The only other pro caddie for Woods was Mike ``Fluff'' Cowan from the start of his career until early 1999.
 
As for Williams?
 
Woods said he was expected to be on the bag at the Deustche Bank Championship next week outside Boston, then return at the start of October for the American Express Championship in San Francisco.
 
He said Bryon Bell, his best friend from junior high school, would caddie for him Oct. 20-23 in the Funai Classic at Disney. Bell, who usually works Disney, was Woods' caddie when he won the Buick Invitational in 1999.
 
SCOTT ON SABBATICAL
If there are horses for courses, it would seen Adam Scott is a thoroughbred on the TPC at Boston, having won and tied for second the first two years at the Deustche Bank Championship.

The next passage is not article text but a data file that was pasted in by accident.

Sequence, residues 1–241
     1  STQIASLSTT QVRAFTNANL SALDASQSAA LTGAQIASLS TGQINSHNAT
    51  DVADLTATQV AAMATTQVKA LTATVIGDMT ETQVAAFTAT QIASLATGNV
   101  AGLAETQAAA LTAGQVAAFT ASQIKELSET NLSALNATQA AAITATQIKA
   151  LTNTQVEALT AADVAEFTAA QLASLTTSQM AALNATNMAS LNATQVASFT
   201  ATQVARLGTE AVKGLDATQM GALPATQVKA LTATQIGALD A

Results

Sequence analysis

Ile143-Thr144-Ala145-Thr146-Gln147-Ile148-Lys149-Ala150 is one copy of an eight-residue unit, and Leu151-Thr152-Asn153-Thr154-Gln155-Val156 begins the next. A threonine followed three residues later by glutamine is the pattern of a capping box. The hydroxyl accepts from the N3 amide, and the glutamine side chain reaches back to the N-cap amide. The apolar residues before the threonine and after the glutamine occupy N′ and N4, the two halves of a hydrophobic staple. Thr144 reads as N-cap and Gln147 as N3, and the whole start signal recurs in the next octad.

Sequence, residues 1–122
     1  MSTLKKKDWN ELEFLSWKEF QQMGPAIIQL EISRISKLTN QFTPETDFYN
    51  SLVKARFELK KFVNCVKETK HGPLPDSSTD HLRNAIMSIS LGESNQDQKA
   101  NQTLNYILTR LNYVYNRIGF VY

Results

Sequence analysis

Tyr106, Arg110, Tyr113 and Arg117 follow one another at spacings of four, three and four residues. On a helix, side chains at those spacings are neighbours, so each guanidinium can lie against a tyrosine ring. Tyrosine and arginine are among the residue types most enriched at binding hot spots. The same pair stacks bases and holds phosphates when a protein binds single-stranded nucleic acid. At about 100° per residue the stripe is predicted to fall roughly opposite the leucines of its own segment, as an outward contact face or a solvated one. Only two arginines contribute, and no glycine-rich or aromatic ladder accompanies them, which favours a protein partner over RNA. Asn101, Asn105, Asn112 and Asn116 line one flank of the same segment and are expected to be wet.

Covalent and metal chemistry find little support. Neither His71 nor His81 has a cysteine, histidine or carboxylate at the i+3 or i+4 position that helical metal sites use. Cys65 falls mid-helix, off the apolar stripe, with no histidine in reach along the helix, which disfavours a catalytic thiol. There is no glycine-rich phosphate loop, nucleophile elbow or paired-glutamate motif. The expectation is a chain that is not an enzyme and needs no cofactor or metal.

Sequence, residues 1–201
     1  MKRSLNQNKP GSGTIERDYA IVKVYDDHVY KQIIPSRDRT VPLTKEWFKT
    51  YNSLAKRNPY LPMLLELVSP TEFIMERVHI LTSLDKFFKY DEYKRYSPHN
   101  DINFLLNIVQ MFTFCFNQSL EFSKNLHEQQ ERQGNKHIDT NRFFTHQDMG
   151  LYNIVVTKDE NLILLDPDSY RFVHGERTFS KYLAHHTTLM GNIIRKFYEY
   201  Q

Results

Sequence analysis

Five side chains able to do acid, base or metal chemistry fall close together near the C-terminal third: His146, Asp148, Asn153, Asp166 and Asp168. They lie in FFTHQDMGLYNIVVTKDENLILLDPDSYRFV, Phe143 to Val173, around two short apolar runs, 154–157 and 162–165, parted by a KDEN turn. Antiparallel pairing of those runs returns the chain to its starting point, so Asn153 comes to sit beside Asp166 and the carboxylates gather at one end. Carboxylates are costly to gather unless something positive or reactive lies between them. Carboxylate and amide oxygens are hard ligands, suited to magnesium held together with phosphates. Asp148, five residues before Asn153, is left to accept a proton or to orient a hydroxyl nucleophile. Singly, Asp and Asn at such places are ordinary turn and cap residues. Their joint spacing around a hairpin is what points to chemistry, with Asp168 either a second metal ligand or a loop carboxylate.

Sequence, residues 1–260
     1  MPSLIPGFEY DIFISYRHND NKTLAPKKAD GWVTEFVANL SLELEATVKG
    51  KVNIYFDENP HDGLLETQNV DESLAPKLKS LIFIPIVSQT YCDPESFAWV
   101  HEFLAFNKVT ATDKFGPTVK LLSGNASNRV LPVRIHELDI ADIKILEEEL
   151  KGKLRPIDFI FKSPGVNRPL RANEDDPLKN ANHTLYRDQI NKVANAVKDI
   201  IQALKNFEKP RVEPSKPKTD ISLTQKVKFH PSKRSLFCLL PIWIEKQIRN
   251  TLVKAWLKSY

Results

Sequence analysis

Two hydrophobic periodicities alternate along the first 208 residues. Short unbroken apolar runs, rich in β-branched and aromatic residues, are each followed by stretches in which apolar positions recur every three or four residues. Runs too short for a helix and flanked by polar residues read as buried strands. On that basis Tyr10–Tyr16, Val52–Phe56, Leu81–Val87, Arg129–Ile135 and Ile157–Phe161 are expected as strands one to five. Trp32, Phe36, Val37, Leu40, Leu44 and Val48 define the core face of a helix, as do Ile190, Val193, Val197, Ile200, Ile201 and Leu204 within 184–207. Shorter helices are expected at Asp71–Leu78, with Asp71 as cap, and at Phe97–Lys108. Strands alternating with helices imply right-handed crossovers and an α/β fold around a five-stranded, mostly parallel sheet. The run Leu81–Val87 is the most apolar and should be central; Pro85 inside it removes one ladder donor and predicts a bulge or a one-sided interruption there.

That's why it was peculiar to learn the 25-year-old Aussie is skipping this year's event.
 
Scott has been spinning his wheels, with only one top 10 since the U.S. Open. That was a tie for fifth at the Scandinavian Masters in Sweden.
 
``I'm taking a bit of a sabbatical,'' he said at the NEC Invitational. ``My head hasn't been in the game this week, and there's no point playing when you're not in the right frame of mind. I feel like I need to get away and practice putting for a week, not playing, and then come back out and get my head straight. It's been a long year.''
 
Scott left Firestone for Australia, his first trip home all year.
 
He won the Nissan Open, but it didn't count as an official victory because it was a 36-hole event delayed by rain. He played extremely well at the Match Play Championship, but ran into the unbeatable David Toms in the quarterfinals. His only other good opportunity was finishing one shot behind Sergio Garcia at the Booz Allen Classic.